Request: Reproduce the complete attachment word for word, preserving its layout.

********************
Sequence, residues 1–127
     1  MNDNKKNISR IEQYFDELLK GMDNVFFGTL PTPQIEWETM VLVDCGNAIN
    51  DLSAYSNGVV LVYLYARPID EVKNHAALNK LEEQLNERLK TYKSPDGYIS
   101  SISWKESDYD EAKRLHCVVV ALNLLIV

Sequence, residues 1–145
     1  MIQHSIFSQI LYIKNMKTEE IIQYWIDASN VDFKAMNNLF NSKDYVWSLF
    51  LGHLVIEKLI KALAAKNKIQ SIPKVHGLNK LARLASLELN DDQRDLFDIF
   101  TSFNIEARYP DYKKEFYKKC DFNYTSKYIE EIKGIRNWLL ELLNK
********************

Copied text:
Sequence, residues 1–127
     1  MNDNKKNISR IEQYFDELLK GMDNVFFGTL PTPQIEWETM VLVDCGNAIN
    51  DLSAYSNGVV LVYLYARPID EVKNHAALNK LEEQLNERLK TYKSPDGYIS
   101  SISWKESDYD EAKRLHCVVV ALNLLIV

Sequence, residues 1–145
     1  MIQHSIFSQI LYIKNMKTEE IIQYWIDASN VDFKAMNNLF NSKDYVWSLF
    51  LGHLVIEKLI KALAAKNKIQ SIPKVHGLNK LARLASLELN DDQRDLFDIF
   101  TSFNIEARYP DYKKEFYKKC DFNYTSKYIE EIKGIRNWLL ELLNK